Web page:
"God it's hot out there," said Ed. He walked around the counter and toward the front door where there was a couch and a little wooden table with magazines on it. "Do we have non-flammable lubricating spray? This guy's carburetion chamber valve pin is caked with carbonized retro-exhaust. I guess premature ignition in the fuel chamber pushes the exhaust out the wrong valve."
"Ed, why do you have to come in here and try to impress me with your knowledge all the time? You know where the lubricants are. Look for it yourself." Grease man pulled out his pack of cigarettes.
Ed sat down on the couch. The foam in the arms of the couch peeked out between the olive green threads. Dirt had collected in the wooden curls that climbed the front of the arms. Ed sat on a cushion whose thin plastic seam-wire had escaped the cloth tube at the corners.
"Hey, you still kill flies in the garage?" asked grease man.
"Hardy har har." said Ed. He had begun flipping through the pages of The National Geographic. His soda was creating a ring of moisture on the ring filled surface of the table. Each time he picked it up and set it down again, a new ring was started.
"Well why don't you get that one?" Grease man pointed into the air. He followed the fly for a few seconds and then took a lighter out of his left pants pocket. He leaned over and put his elbows on the counter. In one hand he held the lighter and in the other a cigarette. Before he got it lit, a loud bang from behind startled him. He stood straight up and spun around.
A third mechanic had entered the lobby from the back door. Shocks of his straight red hair peeked out from under a baseball cap. He carried a five gallon gas can which had apparently crashed into the side of the doorway. The patch on his uniform was a clean white except for the word 'Sam.'
"You scared the shit outta me, you bastard."
Sam squatted to put the can away.
"Is that empty?" asked grease man.
"Well, uh, pretty much."
"Well, uh..." he mocked Sam, "Why don't you go across the street and fill it up? And take the other one too."
The sounds of hollow metal clanged around the room while Sam pulled the two cans out from under the counter. They were both red, with 'Gasoline' written in yellow on the front and back and a metal seam going up one side. Wide strips of metal served as handles, arching from the front to the back on each can. The top and bottom were an unpainted rusty-brown. One of them did not have a cap.
"Where the hell is the cap to that can?"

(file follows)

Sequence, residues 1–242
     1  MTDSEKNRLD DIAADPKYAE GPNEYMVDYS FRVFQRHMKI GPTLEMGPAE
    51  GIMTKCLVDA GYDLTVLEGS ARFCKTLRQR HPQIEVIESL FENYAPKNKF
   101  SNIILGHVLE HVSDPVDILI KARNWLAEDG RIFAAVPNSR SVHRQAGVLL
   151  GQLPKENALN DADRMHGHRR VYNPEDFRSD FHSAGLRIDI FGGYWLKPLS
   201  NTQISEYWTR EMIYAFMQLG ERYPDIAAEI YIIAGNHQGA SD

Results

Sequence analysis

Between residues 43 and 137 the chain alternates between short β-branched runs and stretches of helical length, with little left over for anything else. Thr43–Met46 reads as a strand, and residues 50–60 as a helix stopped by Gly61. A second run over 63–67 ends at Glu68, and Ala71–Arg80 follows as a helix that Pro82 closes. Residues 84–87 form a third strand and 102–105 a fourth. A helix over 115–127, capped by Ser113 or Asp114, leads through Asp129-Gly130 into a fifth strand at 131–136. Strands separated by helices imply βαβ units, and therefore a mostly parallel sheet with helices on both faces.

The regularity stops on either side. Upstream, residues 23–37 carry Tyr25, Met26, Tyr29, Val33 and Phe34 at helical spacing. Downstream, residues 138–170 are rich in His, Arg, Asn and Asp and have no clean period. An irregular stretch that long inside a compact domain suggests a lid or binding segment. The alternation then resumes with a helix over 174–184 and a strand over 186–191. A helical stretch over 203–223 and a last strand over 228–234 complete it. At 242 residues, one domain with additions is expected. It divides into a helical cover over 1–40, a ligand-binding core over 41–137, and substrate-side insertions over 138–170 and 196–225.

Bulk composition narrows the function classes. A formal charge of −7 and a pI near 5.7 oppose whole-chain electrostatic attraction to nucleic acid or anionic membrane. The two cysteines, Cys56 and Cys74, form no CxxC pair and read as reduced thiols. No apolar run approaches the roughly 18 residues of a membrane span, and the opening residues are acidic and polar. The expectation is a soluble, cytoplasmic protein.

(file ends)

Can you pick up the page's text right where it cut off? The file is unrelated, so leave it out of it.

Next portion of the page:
Sam put the cans on the floor and patted his thighs. His right hand dove into a pocket and produced the gas can cap. He showed it to each of the other two (though Ed was paying too much attention to the fly to notice), shoved it back into his pocket, and picked the cans up again. He walked around the counter and turned toward the door.
"Make sure you get a receipt. And you should put the cap on that thing."
Grease man watched Sam saunter across the lobby. He employed his lighter and produced a small flame. Holding the tip of the cigarette in the flame, he sucked in air in little puffs. The material at the end of the cigarette turned bright red as he took in a relaxing breath of smoke.
Ed leapt into the air, his hands coming together around the fly. At the zenith of his flight, his right knee caught Sam square in the back. Sam's arms went flying apart and he let go of the gas cans. The open one headed straight for the cash register. Grease man's cigarette lit the fumes inside the open gas can.



"Remember when we were standing in the doorway?" asked Penny.
"Not really, wait- Oh yeah, and he asked us to stop dancing?"
"Yeah, he asked us-"
"Didn't you see their sign?"
"Listen, suppose a fly did get in..."
"You didn't see the sign."
"Shut up and listen -"
"There was a sign - it was kind of neat - it said-"
"Ok. What did the damn sign say?"
"Something like 'If your entries and exits...' No, wait, it started out 'Please... Please make your entries and exits...' I can't remember it."
"Ok Ok, I didn't see it. But look... If a fly did get in, there was a reason that it got in."
"Like what? That's ridiculous."
"Why? We have no idea how God does things. I mean, He might know that the fly carries some kind of disease, and that the mechanic there has a brother who has that disease. So maybe he's going to go see his brother and the only way for him to avoid catching the disease is if he already has an immunity built up to it. So the fly lands on his sandwich-"
"And barfs, like flies always do when they land..."
"They do not."
"How do you know?"
"That's the stupidest thing I ever heard. Flies barfing every time they land. Ha!"
"Wait! Did you hear that?"
"Thunder?"
"No way. Look, there's no clouds."
"Maybe a sonic boom? But jets don't fly around here."
"Maybe they're blasting away some mountain."
"Maybe."
"Well anyway, how do you think flies transmit diseases so easily?"
"Well, maybe you're right. That guy didn't have a sandwich anyway."
"Oh my god! Look!"

Log in or registerto write something here or to contact authors.